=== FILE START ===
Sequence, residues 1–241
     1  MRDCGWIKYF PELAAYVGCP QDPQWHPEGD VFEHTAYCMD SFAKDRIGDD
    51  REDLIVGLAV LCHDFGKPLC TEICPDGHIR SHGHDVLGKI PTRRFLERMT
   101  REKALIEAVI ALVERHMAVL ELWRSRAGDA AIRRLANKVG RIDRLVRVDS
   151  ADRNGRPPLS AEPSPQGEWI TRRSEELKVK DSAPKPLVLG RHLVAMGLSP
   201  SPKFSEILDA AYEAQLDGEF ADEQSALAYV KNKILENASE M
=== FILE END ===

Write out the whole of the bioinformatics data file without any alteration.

Sequence, residues 1–241
     1  MRDCGWIKYF PELAAYVGCP QDPQWHPEGD VFEHTAYCMD SFAKDRIGDD
    51  REDLIVGLAV LCHDFGKPLC TEICPDGHIR SHGHDVLGKI PTRRFLERMT
   101  REKALIEAVI ALVERHMAVL ELWRSRAGDA AIRRLANKVG RIDRLVRVDS
   151  ADRNGRPPLS AEPSPQGEWI TRRSEELKVK DSAPKPLVLG RHLVAMGLSP
   201  SPKFSEILDA AYEAQLDGEF ADEQSALAYV KNKILENASE M